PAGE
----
A separate mark to indicate importation was first added to British silver by the Customs Amendment Act of 1867. This consisted of a letter "F" (for "Foreign") in an oval. It applied to all assay offices. The use of this mark was not taken up universally as it was thought that customers might think the imported wares somehow inferior to British items. In addition the act was badly written so that there were loopholes allowing normal hallmarking to apply even to imported goods. In particular the assay office had no power to question whether an item was of foreign origin.
The Hallmarking of Foreign Plate Act of 1904 reformed the system and introduced distinct import marks for each assay office. London's use of the sun mark conflicted with various trademarks and was changed in 1906 to the astrological sign for the constellation Leo. Other assay offices' marks also changed in 1906 including Sheffield's which changed from two pairs of crossed arrows to the astrological sign for Libra.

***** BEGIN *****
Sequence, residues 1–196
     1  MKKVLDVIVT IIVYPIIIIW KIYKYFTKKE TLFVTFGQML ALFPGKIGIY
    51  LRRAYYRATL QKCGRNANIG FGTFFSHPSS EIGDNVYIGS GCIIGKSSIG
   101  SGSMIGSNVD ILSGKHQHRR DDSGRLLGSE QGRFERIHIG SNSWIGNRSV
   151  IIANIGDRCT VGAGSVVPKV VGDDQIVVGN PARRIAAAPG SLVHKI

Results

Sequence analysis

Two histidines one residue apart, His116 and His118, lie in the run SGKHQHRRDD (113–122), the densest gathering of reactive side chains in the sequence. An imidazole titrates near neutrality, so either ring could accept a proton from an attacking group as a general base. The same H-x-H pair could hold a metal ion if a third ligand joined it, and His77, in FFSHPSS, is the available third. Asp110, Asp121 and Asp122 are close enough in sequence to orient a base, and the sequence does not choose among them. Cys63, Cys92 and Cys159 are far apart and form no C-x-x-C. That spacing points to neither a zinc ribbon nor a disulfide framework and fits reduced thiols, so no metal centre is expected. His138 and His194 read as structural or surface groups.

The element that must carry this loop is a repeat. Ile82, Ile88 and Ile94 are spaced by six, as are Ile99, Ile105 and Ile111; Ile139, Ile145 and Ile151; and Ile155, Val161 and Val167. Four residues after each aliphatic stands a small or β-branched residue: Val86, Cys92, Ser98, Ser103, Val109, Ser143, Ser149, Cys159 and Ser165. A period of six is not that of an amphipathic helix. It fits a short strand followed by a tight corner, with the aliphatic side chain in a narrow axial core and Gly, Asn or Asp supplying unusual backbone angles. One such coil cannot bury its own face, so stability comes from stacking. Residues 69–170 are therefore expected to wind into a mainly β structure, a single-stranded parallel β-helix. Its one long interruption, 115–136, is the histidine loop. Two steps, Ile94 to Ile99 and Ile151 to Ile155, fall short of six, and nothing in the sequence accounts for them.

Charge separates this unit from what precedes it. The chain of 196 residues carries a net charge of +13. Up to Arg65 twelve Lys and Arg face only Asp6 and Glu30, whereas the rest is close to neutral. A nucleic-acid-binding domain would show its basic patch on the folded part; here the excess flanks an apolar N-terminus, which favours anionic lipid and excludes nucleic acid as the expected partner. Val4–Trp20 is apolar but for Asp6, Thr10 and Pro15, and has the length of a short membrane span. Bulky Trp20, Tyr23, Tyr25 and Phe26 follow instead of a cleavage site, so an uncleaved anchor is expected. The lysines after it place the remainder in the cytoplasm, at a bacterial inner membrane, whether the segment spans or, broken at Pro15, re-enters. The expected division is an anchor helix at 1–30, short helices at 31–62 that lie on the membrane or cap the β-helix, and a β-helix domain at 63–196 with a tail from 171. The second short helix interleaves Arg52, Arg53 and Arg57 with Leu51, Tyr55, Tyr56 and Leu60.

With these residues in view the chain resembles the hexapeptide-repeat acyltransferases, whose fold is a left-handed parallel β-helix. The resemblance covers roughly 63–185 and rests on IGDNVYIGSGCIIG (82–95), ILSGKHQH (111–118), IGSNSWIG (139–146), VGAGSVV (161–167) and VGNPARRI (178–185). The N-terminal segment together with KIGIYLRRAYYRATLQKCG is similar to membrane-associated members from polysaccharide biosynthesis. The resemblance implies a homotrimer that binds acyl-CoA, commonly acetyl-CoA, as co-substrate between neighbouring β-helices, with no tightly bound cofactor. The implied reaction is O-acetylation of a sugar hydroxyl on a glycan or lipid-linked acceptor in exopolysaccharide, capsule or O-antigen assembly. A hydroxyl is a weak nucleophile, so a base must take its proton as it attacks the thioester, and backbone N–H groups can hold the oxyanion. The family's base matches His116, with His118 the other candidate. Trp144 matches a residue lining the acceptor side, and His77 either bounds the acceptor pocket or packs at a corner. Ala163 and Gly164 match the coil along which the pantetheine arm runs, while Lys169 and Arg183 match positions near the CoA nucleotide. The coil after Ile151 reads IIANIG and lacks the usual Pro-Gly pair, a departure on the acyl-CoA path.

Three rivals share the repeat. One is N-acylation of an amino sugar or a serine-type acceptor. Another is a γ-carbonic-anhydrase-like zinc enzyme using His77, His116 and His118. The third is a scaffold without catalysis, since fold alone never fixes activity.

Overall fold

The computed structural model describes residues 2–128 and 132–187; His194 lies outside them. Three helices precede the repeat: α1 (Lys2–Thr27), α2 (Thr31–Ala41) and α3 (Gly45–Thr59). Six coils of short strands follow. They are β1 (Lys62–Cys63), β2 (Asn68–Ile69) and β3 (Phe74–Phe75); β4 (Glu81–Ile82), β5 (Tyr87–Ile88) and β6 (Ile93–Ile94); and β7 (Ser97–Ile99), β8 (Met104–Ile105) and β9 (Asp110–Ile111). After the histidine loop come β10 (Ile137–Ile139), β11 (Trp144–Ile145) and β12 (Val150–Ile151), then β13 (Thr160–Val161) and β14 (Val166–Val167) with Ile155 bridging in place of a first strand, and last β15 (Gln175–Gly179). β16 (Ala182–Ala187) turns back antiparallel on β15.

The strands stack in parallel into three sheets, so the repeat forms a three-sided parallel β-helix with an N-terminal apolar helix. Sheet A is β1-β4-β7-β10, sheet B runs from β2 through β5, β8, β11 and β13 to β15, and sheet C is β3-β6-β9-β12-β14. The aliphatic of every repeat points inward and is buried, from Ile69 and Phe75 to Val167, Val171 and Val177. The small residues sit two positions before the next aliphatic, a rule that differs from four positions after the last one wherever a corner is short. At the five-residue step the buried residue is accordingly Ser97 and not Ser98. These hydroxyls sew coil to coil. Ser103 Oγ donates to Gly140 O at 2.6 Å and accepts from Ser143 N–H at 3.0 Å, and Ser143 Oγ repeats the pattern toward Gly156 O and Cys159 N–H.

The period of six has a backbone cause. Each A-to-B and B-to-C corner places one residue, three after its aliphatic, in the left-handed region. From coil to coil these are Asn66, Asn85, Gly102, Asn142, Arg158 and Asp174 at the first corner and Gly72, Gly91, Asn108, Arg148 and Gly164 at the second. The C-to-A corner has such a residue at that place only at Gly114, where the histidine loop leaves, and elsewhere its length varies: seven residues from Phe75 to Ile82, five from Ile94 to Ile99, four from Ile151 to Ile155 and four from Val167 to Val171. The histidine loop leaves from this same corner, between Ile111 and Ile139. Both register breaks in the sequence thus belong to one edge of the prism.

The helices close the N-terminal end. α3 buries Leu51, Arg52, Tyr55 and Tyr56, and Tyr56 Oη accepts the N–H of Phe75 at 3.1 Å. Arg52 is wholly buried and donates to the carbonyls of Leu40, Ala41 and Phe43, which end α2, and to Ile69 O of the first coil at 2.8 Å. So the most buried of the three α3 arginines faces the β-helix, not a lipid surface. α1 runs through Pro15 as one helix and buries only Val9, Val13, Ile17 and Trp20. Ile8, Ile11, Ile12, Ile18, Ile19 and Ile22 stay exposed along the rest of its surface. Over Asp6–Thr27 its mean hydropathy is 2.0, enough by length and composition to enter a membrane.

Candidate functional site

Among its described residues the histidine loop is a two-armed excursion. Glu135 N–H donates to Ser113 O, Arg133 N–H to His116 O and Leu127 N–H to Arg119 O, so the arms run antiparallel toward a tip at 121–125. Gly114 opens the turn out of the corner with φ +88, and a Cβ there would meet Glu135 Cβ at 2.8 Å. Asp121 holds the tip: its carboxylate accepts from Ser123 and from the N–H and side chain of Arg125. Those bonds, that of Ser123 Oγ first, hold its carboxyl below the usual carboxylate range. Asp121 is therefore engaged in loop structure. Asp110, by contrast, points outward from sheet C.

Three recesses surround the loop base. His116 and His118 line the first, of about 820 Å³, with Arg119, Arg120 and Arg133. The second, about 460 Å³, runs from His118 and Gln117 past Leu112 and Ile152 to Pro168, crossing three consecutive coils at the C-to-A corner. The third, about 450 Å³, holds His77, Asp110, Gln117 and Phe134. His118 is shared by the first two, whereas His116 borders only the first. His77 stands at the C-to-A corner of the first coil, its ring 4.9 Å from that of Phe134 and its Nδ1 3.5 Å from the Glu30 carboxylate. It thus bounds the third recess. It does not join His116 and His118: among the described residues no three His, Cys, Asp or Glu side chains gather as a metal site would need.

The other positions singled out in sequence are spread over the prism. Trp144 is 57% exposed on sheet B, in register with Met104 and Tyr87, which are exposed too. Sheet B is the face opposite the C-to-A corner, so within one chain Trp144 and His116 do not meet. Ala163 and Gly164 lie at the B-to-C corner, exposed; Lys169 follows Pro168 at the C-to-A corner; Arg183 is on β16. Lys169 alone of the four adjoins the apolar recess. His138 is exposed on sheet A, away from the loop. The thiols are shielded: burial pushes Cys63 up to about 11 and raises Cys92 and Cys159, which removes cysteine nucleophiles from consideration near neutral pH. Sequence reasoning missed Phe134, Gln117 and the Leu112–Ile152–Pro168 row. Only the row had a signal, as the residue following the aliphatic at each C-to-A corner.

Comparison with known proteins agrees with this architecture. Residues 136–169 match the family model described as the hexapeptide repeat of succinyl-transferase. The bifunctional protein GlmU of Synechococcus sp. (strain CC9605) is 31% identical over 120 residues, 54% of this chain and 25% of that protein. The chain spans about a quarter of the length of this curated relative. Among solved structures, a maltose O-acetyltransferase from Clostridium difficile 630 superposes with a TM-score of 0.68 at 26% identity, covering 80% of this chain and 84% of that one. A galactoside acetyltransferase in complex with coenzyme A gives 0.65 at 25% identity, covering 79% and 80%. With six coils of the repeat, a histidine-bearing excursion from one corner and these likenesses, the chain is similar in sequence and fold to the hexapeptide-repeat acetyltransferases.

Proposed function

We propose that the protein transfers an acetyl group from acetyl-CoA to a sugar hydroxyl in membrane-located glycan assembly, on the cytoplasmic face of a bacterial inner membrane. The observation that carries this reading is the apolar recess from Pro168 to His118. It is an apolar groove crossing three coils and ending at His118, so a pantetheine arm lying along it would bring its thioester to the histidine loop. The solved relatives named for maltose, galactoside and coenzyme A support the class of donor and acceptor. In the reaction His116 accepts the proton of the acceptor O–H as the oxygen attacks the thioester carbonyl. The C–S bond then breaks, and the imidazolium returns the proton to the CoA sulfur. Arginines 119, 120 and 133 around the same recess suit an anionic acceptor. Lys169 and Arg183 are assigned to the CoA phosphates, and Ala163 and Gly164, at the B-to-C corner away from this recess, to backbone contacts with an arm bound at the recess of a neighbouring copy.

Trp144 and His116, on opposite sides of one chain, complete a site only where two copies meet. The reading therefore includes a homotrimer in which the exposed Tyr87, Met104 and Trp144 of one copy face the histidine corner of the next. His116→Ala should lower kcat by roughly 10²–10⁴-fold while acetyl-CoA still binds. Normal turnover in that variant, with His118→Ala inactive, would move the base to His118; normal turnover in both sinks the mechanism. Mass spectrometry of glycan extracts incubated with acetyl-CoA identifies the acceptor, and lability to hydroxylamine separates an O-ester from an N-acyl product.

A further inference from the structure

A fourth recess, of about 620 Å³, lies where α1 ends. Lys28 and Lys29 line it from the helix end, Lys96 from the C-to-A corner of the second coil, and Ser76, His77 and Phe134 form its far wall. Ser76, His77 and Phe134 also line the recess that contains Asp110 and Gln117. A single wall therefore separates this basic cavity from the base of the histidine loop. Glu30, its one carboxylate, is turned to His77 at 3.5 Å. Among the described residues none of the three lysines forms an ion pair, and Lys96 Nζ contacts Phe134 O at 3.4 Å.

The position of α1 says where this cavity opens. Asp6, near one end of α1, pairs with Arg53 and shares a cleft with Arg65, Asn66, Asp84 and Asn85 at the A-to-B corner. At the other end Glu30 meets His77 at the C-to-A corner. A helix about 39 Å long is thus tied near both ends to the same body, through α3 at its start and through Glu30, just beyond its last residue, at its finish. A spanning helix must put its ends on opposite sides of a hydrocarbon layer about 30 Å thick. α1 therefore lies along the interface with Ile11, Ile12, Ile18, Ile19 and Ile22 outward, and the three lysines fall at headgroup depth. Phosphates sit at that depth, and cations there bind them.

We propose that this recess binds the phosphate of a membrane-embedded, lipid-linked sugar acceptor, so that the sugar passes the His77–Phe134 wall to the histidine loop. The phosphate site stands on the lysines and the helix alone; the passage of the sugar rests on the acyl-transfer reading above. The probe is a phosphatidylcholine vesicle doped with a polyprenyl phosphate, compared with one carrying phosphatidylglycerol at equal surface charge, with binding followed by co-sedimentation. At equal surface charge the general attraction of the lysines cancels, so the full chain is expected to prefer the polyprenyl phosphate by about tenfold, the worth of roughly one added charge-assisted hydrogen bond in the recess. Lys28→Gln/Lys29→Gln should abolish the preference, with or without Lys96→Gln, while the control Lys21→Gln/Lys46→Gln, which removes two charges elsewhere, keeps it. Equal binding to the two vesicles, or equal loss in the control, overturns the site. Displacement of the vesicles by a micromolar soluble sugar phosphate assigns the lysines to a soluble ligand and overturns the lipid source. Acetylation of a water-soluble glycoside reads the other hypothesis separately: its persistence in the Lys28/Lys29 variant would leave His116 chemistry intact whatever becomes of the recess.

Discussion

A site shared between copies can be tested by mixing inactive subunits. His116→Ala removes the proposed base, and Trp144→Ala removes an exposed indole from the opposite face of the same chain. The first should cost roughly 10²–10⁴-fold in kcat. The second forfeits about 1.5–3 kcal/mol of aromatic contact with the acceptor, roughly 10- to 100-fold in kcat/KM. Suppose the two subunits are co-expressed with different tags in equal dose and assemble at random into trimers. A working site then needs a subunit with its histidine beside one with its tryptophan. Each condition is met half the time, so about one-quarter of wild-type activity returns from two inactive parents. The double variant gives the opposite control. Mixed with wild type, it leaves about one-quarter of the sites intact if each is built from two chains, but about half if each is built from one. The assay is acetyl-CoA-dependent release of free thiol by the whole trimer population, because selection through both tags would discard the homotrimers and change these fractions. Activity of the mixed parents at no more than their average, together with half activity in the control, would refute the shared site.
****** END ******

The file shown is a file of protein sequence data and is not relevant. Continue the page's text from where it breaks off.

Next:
In addition to prescribing the town symbols for imported silver (and also for gold) the 1904 Act also predicated the use of a numerical value for the standard in place of the lion passant for sterling silver and the crown for 18 carat gold. The import mark for sterling silver therefore also includes the value "·925" in an oval punch. The standard date letter for the current year at the assay office is also used although not necessarily in the same punch shape.
A 1998 amendment to the 1973 Hallmarking Act finally brought an end to use of the individual Assay Office import marks so that the same marks can now be struck both on imports and on UK-manufactured articles.
"Foreign" mark used by all assay offices 1867-1904